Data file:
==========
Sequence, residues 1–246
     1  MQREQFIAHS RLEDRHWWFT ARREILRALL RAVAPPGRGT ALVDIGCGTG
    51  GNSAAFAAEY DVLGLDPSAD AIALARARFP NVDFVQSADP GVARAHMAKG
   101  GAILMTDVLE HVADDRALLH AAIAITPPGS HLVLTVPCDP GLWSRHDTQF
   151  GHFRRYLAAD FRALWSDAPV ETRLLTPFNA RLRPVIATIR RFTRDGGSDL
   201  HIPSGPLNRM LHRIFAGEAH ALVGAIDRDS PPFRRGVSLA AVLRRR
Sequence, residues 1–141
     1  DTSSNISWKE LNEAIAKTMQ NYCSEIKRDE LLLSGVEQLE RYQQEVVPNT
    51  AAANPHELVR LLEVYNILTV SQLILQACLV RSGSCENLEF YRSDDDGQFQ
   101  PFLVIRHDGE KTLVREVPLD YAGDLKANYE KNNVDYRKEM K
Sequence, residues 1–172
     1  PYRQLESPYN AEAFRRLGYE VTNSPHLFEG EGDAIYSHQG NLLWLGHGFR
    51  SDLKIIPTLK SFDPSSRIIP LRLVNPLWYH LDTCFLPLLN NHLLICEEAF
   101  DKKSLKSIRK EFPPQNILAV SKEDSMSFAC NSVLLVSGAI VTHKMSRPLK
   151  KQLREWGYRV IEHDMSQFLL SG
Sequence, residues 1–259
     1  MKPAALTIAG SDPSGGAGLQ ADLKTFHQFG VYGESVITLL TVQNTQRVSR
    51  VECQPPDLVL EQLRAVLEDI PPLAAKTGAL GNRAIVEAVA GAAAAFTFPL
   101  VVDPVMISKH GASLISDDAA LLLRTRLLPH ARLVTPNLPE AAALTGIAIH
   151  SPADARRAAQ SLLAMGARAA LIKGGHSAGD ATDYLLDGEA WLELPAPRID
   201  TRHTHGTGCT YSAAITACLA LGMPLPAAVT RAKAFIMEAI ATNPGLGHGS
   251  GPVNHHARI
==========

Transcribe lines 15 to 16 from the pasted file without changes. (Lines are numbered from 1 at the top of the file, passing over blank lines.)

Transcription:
   151  KQLREWGYRV IEHDMSQFLL SG
Sequence, residues 1–259